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Online Learning Tips and Tools

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How to enhance your online video lesson experience by developing new habits and incorporating helpful tools.

by Scott Nygaard
January 17, 2016

Learning to play music through online lessons has opened new and exciting opportunities for music students, as many of you are discovering at Peghead Nation. There are obvious benefits to learning from expert and experienced instructors who may not live near you, or who may not have time in their schedules, etc. It also allows you to learn at your own pace, whenever (and wherever) you have time in your day.

But there are advantages to a weekly in-person meeting with a teacher that online lessons can’t always provide. The deadline of a weekly (or even monthly) lesson can keep you on track in your learning. If you know you’re going to have to play that new tune for (and/or) with your instructor, you’re likely to make time for regular practice time in your weekly and daily schedule. And the opportunity to play along with an instructor is a great way to solidify what you’ve learned, as well as get advice and feedback about how your playing is progressing.

If your learning is primarily done online (or with DVDs, books, etc.) you need to become a little more self-directed. You’ll have to find reasons not to watch the latest cat video or Netflix series instead of buckling down and practicing your new fiddle tune or slide guitar lesson.  Try enlisting your partner or roommate in your musical endeavor and make it a goal to play what you’ve learned for them once a week (or month).  If they balk, just remind them that you’re only paying $20 a month for your Peghead lessons, not $60–$75 a week for private lessons, and taking a few minutes a week to listen to you will save you a pile of money. And who knows, you might even get them to start playing an instrument to accompany you. Or, if you attend a regular jam session, make it a goal to bring in the new tune(s) you’ve learned each session. You can also just make a simple audio or video recording of yourself playing your new tune. You don’t need to post it on YouTube or share it with friends. The simple act of getting all the way through a tune, whether it’s at a jam session or casual gig, or in front of a friend or a recording device, will solidify your knowledge of what you’ve learned.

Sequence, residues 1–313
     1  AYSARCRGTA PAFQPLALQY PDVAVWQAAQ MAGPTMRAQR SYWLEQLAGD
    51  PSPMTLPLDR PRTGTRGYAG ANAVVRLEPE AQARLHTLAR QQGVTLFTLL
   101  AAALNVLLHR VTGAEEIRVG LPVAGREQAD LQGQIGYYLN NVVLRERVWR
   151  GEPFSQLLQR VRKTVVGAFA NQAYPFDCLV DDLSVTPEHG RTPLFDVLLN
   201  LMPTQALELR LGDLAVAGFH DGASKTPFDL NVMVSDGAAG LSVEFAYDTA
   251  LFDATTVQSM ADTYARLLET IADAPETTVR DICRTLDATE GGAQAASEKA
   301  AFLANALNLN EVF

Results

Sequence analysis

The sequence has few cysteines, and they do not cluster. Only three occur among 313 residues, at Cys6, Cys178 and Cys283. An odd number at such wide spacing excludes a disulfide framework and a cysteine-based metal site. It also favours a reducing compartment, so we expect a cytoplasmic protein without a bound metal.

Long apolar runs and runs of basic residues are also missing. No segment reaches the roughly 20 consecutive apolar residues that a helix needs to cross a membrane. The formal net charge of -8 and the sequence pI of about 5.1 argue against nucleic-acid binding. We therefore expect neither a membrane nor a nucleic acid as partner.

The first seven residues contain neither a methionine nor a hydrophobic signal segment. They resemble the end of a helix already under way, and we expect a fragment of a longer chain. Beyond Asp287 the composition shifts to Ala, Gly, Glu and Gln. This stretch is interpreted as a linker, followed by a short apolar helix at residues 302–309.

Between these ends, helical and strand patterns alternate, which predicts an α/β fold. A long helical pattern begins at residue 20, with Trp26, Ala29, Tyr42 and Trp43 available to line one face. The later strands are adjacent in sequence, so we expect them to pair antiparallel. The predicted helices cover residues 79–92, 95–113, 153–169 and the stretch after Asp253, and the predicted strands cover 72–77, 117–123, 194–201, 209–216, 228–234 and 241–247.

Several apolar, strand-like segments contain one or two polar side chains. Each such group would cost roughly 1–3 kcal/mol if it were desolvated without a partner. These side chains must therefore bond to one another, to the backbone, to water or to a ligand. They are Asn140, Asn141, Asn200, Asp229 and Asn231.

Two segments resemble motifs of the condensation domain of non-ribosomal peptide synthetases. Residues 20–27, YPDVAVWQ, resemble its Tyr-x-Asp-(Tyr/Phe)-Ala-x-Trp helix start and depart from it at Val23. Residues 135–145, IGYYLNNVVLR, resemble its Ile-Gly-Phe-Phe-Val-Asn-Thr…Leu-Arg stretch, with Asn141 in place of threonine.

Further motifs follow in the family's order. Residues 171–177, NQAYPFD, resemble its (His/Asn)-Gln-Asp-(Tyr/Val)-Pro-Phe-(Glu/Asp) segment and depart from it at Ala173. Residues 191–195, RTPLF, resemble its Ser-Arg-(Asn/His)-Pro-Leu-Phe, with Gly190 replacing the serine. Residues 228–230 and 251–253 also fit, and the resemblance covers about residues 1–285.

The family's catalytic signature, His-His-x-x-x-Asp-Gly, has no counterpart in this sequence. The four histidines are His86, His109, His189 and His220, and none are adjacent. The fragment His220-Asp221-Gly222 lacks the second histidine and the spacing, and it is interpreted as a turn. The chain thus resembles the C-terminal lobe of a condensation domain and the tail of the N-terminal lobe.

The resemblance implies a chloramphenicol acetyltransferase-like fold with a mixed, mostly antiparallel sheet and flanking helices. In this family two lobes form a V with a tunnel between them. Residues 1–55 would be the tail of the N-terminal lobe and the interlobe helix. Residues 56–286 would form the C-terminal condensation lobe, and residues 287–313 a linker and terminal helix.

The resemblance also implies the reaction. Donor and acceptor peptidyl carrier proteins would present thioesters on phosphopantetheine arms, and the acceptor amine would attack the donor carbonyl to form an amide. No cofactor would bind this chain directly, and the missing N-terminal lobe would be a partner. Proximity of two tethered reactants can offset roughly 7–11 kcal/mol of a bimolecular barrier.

The Play-Along Tracks we provide here at Peghead Nation for many of the tunes you’re learning are also a great resource. Having a guitarist’s fingers to watch (rather than just an audio recording to play along to) mimics the way you might play with another musician in real time. And there are other resources that can be very helpful. The transcription program Transcribe (seventhstring.com) has some great features for students. Its basic function is as a “slow downer,” allowing you to slow down recordings so you can try to figure out what is happening in the music at a slower tempo. But you can also record directly into Transcribe from your computer’s speakers, and then slow down the recording, create loops of the passage you’re learning, etc. So if you’re having trouble getting every last note down of one of your Peghead Nation lessons, or you’re not great at reading notation/tablature, you can play the lesson directly into Transcribe, find the section you’re interested in, and have it played back slowly, and repeatedly, just like that! The Amazing Slow Downer is another great resource for slowing down recordings, but you can’t record directly into it like you can with Transcribe.

Another great play-along resource is iRealPro, an app that allows you to play along with electronic rhythm tracks. You can change tempos and keys, and they even have a library of bluegrass tunes you can play along with (complete with electronic banjo rolls!). Granted, it’s a little cheesy (iRealPro is geared more for jazz students), but it’s a huge improvement over playing with a metronome.

These are just a few ideas for enhancing your online learning experience. Let us know if you have more.



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Comments and Discussion

Posted by John Goold on
Recording can be a great help in training yourself to keep honest and not make the same mistake. We use it at work for our employees and showing them their speech affects or bodily mannerisms is so much more impactful than just telling them.
Posted by skunz2138@charter.net on
Recording yourself is a great feedback tool, lets you evaluate your progress and sometimes friends and family enjoy listening too.
Posted by grazzo707@yahoo.com on
Good tips. I regularly use my iPhone to record a video of myself playing. It keeps me honest. Also, there are websites that cheaply sell full band backing tracks for bluegrass classics and fiddle tunes. They're only a few dollars, and they typically contain 6-8 tracks of a tune at varying speeds.
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